...has little new going for it beyond a boatload of energy and enthusiasm. And pure formula.

John J. Puccio's picture
John J.

Formula, formula, formula. You name the subject, and the movies can fit it into a formula. Paramount Vantage's 2007 release "How She Move" may be about step-dancing and it may feature a mostly black cast, but it could just as easily be about football, baseball, basketball, soccer, golf, boxing, wrestling, running, cheerleading, waltzing, spelling, debating, martial arts, competitive drumming, or tiddly winks. Motion pictures have covered far more fields than these and in much the same way. Aside from using some African-American dialect in its title, "How She Move" has little new going for it beyond a boatload of energy and enthusiasm. And pure formula.

What's "step dancing"? In this film, to me it looks like a cross between break dancing and tapping (or stomping), done to hip-hop music. But what do I know. Wikipedia describes step dancing as "the generic term for dance styles where the footwork is the most important part of the dance. Body and arm movements and styling are either restricted or considered irrelevant.... There are very few pure step dances, as most include at least some upper body or arm styling. The tradition includes Irish step dance, possibly the best known form of step dance, often marked by rigidly held upper body.... Another form of step dancing, Stepping, has been popularized by the National Pan-Hellenic Council. This step dance has African roots and is an African-American tradition as well as a part of Black history."

From this description, you can guess what the movie is about and where it's heading. It's got to have a young person struggling to get along and get ahead in the world and succeeding in the area of his or her choice, in this case step dancing. In "How She Move," the young person is Raya Green (Rutina Wesley), a teen from the ghetto whose Jamaican parents send her to an exclusive private boarding school to get her away from a bad environment and prepare for a career in medicine. But when their other daughter, Pam, gets involved in drugs, the parents wind up spending all of their money trying to rehabilitate her. The money runs out and Pam dies simultaneously, meaning Raya must return home.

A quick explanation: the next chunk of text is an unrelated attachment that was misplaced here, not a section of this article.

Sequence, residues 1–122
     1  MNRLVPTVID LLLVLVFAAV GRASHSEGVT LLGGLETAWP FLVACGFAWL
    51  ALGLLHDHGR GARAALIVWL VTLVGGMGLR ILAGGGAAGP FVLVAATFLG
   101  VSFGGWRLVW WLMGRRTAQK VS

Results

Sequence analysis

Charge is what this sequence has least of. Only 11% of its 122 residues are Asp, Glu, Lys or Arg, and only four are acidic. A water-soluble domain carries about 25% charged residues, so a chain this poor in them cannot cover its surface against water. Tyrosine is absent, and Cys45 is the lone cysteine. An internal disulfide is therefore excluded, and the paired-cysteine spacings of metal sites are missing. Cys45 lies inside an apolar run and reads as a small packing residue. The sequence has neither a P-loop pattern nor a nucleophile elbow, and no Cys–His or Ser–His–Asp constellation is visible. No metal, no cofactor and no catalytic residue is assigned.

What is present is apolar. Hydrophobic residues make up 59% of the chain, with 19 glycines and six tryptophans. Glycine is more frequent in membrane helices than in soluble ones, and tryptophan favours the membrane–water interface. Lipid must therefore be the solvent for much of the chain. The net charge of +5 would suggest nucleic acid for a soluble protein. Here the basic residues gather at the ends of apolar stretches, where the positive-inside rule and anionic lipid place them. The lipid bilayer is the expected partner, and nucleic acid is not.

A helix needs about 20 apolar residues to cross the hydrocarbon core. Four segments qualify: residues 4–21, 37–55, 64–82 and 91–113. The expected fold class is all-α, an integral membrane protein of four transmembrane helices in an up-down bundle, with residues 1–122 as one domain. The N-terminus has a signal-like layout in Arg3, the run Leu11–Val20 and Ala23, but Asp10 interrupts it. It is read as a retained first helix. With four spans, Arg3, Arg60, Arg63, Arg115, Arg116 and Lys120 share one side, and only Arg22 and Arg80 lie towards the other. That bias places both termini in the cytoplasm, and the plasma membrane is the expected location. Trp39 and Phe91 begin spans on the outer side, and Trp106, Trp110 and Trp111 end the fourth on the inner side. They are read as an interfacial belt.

I mean what's a poor young person to do in this case? Why, either get a scholarship, because she's quite smart, or join a dance team and win a big dance contest, of course. I think Mickey Rooney and Judy Garland played in this same movie about sixty years ago. One of Raya's oldest friends, Bishop (Duane Murphy), and Bishop's brainy little brother Quake (Brennan Gademans) head up a step-dance crew and reluctantly let Raya join them. Then there's this big Step-Dance Monster Competition in Detroit that pays $50,000 to the winners, and, well, you see it all coming.

Along the way, there are the rival girlfriend, the petulant Michelle (Tre Armstrong), and the rival dance-crew leader and local drug dealer, the villainous Garvey (Cle Bennet), to contend with. Moreover, Raya lives in a neighborhood where everybody looks like they'd just as soon slit your throat as say hello. Life is tough.

If the movie offered anything new or innovative, it might be different, but no such luck. For instance, does it have a theme or message to catch our attention? The filmmakers say on one of the featurettes that it's all about coming of age and finding one's voice and one's place in life. Fair enough, if we hadn't heard the same points made in every inspirational sports and genre movie ever made. Are the characters at all interesting? Nope, they're largely stereotypes. Is the story line different or imaginative? Sorry, we can see every plot development coming fifteen or twenty minutes before it happens. And it's not like this is an epic, a blockbuster, or a period piece where the settings, costumes, or special effects might worth our attention. Rather, the filmmakers have created an intentionally drab-looking movie.

So, what does the film offer? As I said earlier, it has enthusiasm (the young actors give it their all), energy, dance, and music. Keyshia Cole and DeRay Davis make guest appearances as themselves, and Missy Elliott, Busta Rhymes, and Lil' Mama," among others, provide the tunes. If any of these elements appeal to you, you're in. If not, the movie may be as long a haul for you as it was for me.